The London based photographer shares her photographic series Ink.
Hannah, a London native, grew up surrounded by cultural institutions. Taking inspiration from these galleries and fashion publications, she started taking photographs at the age of 15 as a way to explore her fascination with the beauty of the human form. She went on to take History at university where she examined this theme further by studying the human journey and how beauty and fashion construct identities. Here, she first dipped her toes into editorial photography as the co-creative director for the prestigious Durham University Charity Fashion Show. Realising her interests laid in the people underneath the clothes rather than fashion itself, Hannah undertook a masters degree in Art History at Oxford University. At Oxford she developed her craft further by learning how to develop her own photos in a dark room. Last year she began constructing her portfolio in earnest and had her first group show at the Boomer Gallery in London.
What was the process behind these works? What did you set out to create?
Sitting at home during lockdown provided time to focus on physical materials in the world around me. Beginning with my boyfriends fountain pen, I developed a fascination with ink, and the way that ink bleeds into itself and creates 'veins' of different colours. There is a very organic quality to it that reminded me of the virus under a microscope, so I began playing with the ink in my sketchbook and sketching potential images, exploring the experience of how lockdown has affected all of us. I set out to create a portrait to document this strange period of time, but without knowing the exact emotions that would come through on the day. After lockdown, I invited my friend over as I knew I wanted to have a face to look beyond the ink. I used a sheet of clear plastic from a photo-frame over her face to drop the ink on, from there you can't plan, you just have to go with the randomness of the ink and hope!
Considering the capabilities of computer software why do you still insist on using physical sets and minimal editing? What do you think this brought out in these photos?
I think that people often forget that at its heart, photography is capturing something in the physical world. I love the craft of creating a 3D image in real life, physically pouring the ink or splashing the water or even just posing the model can be a really absorbing process, and is an intimate experience between the photographer, subject and materials. Having said this, although I do work in the darkroom, I do primarily use a digital camera and I think there are incredible ways that technology can partner with the physical world. I do use the camera settings to capture things that might not be possible, such as a blurred image or particular lighting effects. But I don't think that this technology can replace the physical experience of using materials and interacting with people, it gives an image an authentic quality, and is a fundamental part of the image making process for me. Ultimately I think that photography is uniquely positioned to be a union of technology and craft, which I try to explore in my work.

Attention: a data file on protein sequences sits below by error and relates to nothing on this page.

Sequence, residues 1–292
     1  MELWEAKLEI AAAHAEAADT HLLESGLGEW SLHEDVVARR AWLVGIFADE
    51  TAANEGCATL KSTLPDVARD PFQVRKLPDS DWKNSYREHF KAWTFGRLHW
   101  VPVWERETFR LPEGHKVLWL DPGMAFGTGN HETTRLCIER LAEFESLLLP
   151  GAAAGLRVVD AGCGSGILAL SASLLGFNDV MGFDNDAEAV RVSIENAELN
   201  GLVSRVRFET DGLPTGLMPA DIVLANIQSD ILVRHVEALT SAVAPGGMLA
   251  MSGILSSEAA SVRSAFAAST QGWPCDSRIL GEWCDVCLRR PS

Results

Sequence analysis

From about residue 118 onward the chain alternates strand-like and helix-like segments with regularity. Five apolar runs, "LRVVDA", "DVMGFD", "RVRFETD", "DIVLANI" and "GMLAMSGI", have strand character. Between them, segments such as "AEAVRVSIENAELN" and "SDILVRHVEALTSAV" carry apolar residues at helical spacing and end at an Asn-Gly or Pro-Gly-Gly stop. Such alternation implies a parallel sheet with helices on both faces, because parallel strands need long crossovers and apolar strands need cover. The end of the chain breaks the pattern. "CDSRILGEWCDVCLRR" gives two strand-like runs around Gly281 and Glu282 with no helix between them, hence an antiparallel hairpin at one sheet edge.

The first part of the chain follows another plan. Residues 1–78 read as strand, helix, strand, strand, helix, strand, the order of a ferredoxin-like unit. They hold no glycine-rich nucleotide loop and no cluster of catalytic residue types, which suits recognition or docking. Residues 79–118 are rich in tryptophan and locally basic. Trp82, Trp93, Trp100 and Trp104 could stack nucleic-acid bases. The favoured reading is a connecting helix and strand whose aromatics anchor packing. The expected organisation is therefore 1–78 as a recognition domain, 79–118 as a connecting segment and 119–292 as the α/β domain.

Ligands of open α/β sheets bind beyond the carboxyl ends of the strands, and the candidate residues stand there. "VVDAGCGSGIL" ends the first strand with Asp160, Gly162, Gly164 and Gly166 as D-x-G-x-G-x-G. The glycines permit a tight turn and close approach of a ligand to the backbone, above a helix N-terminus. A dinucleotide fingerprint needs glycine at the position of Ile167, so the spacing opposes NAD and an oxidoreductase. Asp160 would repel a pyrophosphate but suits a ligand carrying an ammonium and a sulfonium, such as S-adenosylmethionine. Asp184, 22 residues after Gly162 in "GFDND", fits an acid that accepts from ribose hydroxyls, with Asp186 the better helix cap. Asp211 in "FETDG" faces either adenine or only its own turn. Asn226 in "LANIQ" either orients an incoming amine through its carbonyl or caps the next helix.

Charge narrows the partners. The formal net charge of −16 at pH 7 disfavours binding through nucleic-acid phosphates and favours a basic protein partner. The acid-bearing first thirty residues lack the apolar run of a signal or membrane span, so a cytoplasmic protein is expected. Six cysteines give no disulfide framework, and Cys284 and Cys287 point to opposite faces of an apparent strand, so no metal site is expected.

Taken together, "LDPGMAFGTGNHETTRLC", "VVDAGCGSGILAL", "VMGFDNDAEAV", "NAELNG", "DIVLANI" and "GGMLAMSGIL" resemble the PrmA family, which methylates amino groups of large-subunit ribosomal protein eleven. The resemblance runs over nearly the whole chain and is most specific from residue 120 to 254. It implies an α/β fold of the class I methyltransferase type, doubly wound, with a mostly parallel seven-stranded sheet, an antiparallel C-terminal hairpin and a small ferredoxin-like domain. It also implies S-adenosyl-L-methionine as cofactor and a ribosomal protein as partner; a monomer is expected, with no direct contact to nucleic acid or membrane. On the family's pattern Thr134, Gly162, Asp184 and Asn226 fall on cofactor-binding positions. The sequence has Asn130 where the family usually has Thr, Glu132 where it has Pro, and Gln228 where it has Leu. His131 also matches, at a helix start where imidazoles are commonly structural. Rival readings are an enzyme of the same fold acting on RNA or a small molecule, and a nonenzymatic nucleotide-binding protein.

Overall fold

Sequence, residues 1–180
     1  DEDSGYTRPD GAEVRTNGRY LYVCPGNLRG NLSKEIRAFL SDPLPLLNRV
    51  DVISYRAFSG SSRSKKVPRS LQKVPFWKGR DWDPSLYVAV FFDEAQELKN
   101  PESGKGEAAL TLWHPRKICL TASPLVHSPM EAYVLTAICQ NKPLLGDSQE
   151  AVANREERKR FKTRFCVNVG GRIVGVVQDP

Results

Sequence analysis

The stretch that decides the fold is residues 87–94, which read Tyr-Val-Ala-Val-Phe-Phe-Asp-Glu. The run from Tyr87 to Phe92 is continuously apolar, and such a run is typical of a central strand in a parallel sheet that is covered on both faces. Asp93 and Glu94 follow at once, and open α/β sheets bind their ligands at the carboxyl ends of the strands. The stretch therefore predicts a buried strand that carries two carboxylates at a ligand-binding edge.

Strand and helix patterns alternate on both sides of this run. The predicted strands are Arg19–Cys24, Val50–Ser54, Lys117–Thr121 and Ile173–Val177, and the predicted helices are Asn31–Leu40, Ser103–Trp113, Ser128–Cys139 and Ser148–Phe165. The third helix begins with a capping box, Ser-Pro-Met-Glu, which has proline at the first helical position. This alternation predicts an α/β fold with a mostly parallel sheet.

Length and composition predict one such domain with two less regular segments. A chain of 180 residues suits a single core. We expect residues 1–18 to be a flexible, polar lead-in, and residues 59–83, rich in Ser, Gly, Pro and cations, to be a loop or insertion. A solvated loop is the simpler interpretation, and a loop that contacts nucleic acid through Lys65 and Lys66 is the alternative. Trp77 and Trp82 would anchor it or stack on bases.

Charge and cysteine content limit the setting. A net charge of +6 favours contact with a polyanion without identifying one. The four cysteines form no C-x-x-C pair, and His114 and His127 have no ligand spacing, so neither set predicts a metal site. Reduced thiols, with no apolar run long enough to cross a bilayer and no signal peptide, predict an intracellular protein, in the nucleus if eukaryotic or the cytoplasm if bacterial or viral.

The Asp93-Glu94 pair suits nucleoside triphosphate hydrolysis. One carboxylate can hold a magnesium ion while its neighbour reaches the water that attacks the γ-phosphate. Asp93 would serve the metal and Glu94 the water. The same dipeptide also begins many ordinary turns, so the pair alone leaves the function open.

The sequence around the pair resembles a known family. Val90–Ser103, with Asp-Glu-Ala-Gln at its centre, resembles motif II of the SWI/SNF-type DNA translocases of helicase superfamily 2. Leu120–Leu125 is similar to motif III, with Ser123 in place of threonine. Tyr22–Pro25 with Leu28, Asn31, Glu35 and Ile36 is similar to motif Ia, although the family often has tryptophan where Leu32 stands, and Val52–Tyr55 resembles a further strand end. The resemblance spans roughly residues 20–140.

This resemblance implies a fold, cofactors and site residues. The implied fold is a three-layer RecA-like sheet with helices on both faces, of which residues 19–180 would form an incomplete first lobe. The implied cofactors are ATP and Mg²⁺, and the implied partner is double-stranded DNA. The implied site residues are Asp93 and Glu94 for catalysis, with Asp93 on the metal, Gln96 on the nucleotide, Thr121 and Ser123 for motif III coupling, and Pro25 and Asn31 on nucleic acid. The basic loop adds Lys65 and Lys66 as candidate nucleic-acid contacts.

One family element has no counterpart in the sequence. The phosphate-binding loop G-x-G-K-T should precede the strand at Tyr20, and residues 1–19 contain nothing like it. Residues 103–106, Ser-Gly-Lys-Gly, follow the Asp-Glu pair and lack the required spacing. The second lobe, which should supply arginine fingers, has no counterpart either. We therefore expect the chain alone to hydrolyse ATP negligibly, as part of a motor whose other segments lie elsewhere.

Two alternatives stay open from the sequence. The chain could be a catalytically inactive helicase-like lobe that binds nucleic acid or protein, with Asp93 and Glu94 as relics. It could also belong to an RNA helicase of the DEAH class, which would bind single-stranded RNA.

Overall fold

What comes first with your photographs? The image or the meaning?
It can be either - sometimes the idea for the image comes first, and the meaning is uncovered during the process or even when the final image is produced. Other times there is a specific message I want to talk about the articulation of that comes later.
What is important to you when taking a photograph?
It sounds obvious, but its important to explore all the visual elements of art - composition, colours and lighting are all crucial to any image. The meaning of the image and the emotions that come through is ultimately the most important. I always want the viewer to be able to read whatever they want into the images, so I like to make them fairly open, and not too prescriptive.
Where do you find your inspiration?
Everywhere! I know this is an unhelpful answer in many ways, but honestly inspiration can literally come from anything, colours, light, the composition of something in your flat, the people you know, the world around you. I also think that sometimes inspiration has to be actively sought after and it can be helpful to go on a walk in a new place for example, to look for inspiration. It can be a passive process, but it can and should also be active.
What advise (photography or otherwise) would you give your younger-self?
To think a little bit more about why I am drawn to the images I am creating - its great to go with your instinct and create art organically, but its also good to reflect after you have created something, and think about why that exact piece is what you are happy with, what emotions are you speaking to etc. I personally find meaning in working really hard to articulate because its so personal, and its something I am trying to do a lot more of now, so the more practice the better!
What are your plans for 2021?
I have a few projects I am working on, including some more still life imagery using inks, and experimenting in my home made dark room. I would love to begin more in-person shoots as soon as this pandemic is over! I also had my first group exhibition with Boomer Gallery over Christmas (COVID-friendly), and have started selling limited edition fine art prints on my website hannahdebson.com - watch this space!